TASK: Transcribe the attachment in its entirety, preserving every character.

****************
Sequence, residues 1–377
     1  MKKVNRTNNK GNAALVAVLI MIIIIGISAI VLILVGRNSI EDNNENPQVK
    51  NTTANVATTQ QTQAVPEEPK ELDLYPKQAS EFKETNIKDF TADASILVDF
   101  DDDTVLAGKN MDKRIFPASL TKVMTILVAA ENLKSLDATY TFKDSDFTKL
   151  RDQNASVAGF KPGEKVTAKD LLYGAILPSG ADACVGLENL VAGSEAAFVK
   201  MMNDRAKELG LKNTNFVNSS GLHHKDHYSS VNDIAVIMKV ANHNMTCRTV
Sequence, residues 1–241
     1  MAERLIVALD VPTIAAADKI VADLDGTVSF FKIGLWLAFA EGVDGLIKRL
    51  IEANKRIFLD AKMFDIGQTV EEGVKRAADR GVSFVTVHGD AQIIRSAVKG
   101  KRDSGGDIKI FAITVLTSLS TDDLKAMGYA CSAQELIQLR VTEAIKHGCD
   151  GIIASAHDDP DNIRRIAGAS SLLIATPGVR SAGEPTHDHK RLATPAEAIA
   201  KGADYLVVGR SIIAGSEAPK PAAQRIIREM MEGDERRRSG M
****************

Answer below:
Sequence, residues 1–377
     1  MKKVNRTNNK GNAALVAVLI MIIIIGISAI VLILVGRNSI EDNNENPQVK
    51  NTTANVATTQ QTQAVPEEPK ELDLYPKQAS EFKETNIKDF TADASILVDF
   101  DDDTVLAGKN MDKRIFPASL TKVMTILVAA ENLKSLDATY TFKDSDFTKL
   151  RDQNASVAGF KPGEKVTAKD LLYGAILPSG ADACVGLENL VAGSEAAFVK
   201  MMNDRAKELG LKNTNFVNSS GLHHKDHYSS VNDIAVIMKV ANHNMTCRTV
Sequence, residues 1–241
     1  MAERLIVALD VPTIAAADKI VADLDGTVSF FKIGLWLAFA EGVDGLIKRL
    51  IEANKRIFLD AKMFDIGQTV EEGVKRAADR GVSFVTVHGD AQIIRSAVKG
   101  KRDSGGDIKI FAITVLTSLS TDDLKAMGYA CSAQELIQLR VTEAIKHGCD
   151  GIIASAHDDP DNIRRIAGAS SLLIATPGVR SAGEPTHDHK RLATPAEAIA
   201  KGADYLVVGR SIIAGSEAPK PAAQRIIREM MEGDERRRSG M